The Adult Movie business, including AVN, has for years called California’s San Fernando Valley home of the porn industry. Locals refer to it as Silicone Valley.
Fishbein said, “If Michigan is willing to fork over a 40% (sic) tax credit for every movie, it makes good business sense for adult movie studios to look at Michigan.”
The Mayor of San Fernando, Guy Grabbit, is not happy that Ypsilanti is poaching the Adult movie business from his town.
“Hands off,” Grabbit warned Michigan politicians eager for a piece of the action, “We invented porn and it belongs here in California.”
Grabbit admitted he had no way to match the 42% tax credit as his city, like many others in California, is facing huge budget shortfalls.
Current Ypsilanti mayor Pauli Schwaibler, who works for one of the automotive companies in the region said he hoped ACH could find a better buyer. ACH executives said there hasn’t been a lot of interest in the Ypsilanti property, but they are willing to talk to any buyer the City thinks would be better.
Ann Arbor Spark was asked if they had anything to do with this site selection group visiting Ypsilanti. Spark spokesman Dean D. Milker responded they didn’t know the property was for sale.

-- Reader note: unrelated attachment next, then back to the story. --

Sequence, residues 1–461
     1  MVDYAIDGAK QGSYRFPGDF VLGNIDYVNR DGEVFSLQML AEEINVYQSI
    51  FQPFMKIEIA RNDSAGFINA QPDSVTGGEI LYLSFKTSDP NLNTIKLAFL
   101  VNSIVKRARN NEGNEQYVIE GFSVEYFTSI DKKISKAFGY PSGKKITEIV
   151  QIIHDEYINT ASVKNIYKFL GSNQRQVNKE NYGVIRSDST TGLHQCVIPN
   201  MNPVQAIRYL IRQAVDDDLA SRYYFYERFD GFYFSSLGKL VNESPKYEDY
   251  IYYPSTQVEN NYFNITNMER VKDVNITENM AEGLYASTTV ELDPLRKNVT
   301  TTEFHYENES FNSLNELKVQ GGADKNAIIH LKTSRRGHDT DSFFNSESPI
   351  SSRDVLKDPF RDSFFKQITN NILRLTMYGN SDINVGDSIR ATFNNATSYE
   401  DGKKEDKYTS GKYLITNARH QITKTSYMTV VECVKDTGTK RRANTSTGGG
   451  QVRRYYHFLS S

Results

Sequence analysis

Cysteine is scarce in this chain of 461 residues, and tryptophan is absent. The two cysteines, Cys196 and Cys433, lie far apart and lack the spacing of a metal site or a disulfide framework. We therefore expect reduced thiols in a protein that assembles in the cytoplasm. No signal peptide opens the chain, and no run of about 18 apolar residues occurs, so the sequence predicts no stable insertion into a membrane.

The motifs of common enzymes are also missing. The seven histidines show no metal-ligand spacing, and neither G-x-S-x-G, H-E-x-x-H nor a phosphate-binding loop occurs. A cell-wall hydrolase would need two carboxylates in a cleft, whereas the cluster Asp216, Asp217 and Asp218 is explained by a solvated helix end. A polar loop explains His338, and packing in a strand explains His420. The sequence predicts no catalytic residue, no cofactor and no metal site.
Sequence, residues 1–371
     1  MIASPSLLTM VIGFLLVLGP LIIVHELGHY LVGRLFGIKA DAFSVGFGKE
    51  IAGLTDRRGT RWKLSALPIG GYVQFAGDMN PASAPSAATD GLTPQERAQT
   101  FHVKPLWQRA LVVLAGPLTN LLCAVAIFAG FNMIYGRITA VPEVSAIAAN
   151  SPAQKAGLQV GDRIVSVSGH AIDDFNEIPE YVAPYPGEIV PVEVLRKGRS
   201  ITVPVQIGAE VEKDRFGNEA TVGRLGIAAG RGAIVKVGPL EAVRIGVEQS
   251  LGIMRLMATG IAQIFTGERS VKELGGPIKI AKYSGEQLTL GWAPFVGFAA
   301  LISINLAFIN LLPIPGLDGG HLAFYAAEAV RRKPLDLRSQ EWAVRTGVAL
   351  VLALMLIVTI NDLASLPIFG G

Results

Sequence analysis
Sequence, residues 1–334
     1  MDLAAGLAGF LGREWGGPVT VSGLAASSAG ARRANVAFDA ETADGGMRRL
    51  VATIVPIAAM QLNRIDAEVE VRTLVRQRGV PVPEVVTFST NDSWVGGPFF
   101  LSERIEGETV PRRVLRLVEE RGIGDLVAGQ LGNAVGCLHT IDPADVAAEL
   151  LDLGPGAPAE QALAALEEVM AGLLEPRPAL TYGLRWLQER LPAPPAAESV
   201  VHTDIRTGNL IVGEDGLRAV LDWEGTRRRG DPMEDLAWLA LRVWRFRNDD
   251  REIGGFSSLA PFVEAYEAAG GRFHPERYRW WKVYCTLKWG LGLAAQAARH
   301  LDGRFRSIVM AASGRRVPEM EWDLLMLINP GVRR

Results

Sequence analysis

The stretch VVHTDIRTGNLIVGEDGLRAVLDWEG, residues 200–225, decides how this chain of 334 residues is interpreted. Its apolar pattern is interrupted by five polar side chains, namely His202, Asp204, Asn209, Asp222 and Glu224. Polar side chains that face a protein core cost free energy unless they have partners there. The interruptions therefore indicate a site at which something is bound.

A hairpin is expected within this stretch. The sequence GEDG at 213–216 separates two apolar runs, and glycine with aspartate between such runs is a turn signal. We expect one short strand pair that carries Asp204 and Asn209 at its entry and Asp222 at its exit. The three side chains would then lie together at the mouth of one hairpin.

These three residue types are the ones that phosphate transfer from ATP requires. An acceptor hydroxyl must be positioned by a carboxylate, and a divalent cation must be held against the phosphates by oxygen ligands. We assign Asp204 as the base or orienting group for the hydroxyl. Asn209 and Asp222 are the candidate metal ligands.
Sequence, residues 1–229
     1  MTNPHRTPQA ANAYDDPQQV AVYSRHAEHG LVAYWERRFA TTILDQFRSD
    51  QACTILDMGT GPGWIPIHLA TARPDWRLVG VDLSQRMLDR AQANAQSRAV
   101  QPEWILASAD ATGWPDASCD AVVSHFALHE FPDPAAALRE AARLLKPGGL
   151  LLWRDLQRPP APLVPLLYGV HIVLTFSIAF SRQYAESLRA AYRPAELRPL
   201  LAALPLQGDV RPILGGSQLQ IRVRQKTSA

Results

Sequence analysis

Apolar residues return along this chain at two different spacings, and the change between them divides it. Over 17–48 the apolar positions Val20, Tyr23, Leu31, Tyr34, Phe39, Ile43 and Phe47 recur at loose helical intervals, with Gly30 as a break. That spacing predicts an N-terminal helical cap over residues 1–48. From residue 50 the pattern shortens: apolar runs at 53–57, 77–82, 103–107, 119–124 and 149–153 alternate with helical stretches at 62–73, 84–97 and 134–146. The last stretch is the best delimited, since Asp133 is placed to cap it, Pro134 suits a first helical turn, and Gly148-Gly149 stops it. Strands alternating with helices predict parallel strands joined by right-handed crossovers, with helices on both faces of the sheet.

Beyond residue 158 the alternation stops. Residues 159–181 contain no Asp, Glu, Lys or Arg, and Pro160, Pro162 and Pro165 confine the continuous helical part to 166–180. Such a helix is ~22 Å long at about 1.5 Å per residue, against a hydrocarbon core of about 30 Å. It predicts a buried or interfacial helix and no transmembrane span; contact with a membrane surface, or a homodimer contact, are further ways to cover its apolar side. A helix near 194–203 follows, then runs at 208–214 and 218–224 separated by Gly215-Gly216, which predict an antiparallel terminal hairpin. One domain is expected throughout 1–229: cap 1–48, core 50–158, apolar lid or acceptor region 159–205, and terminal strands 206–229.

The site selection team’s next stop was Water Street. They expect to conclude their tours on Thursday and could make an offer on studio space in the next 30 days.
Reporter Steve Pierce is a retired adult movie actor and fiction writer who today restores old houses and spends time with his dog and three cats.
Washtenaw County Sheriff Dan Minzey told Channel 4 News that exotic pets get dumped in local lakes often. “There is probably a bunch of places these things can hide,” said Minzey.
We didn’t take those reports seriously until we got an urgent call from a resident from the Historic Eastside Neighborhood Association saying we needed to get over to Riverside Park, he just saw an alligator.
We weren’t really expecting to find anything, however this resident had told us about Ice Skating in Riverside Park and we didn’t think that was true either.
no images were found